As we began discussing ways to commemorate World War One, I half-jokingly said “There’s so much in my grandfather’s WW1 archive I could do a display on that — actually, I will, and I’ll call it Sue’s Soldier “.
Grandad was George Henry Slater, a Derby lad, apprenticed to a jeweller, who despite having a fiancée he loved very much, decided to join up in October 1915. His friend had been killed already, but he must have felt it his duty to go.
The display contains photographs, original letters and documents, postcards both romantic and comic, badges, and a host of memorabilia. It goes from George’s baby photo (in a frock!) to his discharge in 1918 and his marriage in 1920, and is full of little stories: the letter with the picture he always carried, the Little Fruit Shop, his vivid reminiscences of the Front, the Blighty One, the Australian Rescue, and more.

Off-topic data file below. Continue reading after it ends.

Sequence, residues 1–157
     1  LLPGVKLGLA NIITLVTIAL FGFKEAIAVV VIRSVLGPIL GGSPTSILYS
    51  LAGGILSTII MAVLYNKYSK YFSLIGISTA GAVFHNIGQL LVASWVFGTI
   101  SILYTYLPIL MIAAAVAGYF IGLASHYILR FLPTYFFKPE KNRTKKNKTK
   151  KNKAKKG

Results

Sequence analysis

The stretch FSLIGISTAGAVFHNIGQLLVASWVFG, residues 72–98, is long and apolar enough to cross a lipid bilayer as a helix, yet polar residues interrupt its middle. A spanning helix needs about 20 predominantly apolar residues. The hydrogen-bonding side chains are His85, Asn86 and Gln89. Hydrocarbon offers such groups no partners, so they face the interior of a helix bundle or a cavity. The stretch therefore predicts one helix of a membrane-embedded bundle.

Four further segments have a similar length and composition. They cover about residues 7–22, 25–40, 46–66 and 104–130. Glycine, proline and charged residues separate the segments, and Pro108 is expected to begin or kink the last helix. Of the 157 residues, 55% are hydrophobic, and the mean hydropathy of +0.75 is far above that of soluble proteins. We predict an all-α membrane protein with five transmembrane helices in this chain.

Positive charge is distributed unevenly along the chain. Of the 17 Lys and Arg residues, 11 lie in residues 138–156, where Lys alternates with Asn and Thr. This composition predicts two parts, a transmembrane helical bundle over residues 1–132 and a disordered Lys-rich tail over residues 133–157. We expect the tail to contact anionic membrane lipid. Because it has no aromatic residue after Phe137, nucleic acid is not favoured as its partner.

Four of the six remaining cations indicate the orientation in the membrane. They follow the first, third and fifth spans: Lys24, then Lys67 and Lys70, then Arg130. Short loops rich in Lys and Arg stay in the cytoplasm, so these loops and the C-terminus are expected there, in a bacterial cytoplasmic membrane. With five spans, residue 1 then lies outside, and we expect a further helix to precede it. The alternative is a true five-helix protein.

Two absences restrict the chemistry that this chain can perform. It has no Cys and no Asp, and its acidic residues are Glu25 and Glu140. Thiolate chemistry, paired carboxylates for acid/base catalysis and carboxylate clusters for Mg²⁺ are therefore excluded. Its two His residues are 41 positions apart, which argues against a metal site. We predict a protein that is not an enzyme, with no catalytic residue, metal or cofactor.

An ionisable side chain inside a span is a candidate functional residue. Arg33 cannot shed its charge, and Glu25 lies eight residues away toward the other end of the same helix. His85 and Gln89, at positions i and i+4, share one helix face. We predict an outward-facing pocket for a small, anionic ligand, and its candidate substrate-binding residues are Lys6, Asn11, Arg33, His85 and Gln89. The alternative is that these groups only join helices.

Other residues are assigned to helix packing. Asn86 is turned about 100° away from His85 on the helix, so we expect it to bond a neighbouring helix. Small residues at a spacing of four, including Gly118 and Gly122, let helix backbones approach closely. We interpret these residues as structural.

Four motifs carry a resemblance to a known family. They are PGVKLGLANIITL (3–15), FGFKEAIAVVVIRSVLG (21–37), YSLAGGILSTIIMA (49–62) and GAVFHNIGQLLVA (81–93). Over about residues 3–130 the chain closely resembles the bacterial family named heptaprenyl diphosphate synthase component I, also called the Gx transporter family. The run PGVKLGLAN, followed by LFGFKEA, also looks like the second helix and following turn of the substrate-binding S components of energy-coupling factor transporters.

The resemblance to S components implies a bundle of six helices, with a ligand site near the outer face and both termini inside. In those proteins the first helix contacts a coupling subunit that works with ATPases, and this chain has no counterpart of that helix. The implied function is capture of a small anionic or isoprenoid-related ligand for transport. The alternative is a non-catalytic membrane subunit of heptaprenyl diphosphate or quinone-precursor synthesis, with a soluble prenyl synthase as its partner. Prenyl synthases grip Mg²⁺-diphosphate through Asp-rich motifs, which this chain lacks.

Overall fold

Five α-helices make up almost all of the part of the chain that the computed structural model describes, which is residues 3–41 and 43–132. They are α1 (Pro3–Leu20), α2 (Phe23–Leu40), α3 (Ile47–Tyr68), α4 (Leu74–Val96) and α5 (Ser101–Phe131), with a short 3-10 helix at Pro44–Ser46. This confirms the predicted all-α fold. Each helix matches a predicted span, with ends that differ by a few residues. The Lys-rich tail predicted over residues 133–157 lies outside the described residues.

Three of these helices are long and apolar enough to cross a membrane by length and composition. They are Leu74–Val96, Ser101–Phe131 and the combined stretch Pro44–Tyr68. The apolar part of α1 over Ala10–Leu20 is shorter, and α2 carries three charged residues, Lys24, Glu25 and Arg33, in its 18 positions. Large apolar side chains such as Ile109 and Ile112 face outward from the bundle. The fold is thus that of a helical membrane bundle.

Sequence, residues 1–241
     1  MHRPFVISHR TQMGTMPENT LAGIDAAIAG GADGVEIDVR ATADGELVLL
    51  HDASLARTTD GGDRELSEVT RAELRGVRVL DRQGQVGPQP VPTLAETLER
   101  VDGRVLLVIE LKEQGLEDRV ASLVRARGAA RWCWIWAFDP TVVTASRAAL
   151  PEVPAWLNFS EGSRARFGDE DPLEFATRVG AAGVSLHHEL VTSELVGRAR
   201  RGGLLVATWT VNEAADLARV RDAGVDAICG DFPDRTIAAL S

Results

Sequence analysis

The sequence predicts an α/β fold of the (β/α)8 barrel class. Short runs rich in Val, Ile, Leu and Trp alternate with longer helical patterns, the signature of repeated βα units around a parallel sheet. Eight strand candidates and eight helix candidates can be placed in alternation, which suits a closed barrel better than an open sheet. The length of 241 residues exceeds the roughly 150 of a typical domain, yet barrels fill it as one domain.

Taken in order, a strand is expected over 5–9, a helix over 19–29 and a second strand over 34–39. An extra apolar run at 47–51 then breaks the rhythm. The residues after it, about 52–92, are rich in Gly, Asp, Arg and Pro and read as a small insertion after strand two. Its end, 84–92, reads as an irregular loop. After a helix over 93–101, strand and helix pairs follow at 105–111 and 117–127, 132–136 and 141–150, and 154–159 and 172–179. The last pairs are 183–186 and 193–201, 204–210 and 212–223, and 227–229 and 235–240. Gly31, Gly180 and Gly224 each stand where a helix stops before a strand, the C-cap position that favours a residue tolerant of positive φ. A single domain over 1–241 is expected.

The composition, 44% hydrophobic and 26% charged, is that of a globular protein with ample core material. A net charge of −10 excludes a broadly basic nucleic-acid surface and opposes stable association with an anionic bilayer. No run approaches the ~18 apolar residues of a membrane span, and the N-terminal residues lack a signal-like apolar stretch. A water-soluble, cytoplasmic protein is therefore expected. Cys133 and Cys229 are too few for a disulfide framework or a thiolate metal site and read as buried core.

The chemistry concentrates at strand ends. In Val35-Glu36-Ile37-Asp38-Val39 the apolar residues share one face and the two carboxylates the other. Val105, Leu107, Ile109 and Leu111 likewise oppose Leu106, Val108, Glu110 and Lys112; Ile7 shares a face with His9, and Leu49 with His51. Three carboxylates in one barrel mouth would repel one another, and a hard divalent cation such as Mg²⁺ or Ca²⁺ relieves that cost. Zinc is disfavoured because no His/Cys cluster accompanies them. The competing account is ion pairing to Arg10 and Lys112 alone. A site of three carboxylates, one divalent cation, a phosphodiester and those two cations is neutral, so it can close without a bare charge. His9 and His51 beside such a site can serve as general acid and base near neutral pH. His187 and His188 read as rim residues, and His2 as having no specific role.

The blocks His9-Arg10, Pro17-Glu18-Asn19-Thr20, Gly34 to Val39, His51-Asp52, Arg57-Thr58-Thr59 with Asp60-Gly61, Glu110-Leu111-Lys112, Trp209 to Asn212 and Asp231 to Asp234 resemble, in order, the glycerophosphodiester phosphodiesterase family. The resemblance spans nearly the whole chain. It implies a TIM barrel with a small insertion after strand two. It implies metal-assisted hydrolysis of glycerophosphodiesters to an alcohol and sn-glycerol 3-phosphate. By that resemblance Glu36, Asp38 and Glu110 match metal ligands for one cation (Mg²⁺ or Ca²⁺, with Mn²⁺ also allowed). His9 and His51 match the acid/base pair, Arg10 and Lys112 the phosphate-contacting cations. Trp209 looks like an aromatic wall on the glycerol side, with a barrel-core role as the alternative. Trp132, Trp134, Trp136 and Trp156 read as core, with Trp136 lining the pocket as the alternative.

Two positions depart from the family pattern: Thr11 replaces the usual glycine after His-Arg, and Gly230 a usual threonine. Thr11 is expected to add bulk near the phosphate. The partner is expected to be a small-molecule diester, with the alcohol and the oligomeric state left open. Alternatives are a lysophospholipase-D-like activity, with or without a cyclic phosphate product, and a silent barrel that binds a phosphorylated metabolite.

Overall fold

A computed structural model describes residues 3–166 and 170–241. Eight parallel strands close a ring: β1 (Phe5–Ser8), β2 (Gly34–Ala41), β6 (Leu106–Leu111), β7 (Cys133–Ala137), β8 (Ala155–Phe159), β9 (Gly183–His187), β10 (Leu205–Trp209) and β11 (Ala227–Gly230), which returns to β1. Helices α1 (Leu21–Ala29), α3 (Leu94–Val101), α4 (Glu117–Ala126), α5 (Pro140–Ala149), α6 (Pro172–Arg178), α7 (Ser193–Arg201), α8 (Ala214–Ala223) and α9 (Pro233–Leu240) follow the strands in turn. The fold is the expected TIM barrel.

My family feel there is enough of interest in this story of a young man who survived the Great War, to share with a wider audience. It’s in our vitrine wall at Derbyshire Record Office until April; do come and visit George, and look out for further blog posts on the material that we just couldn’t cram in.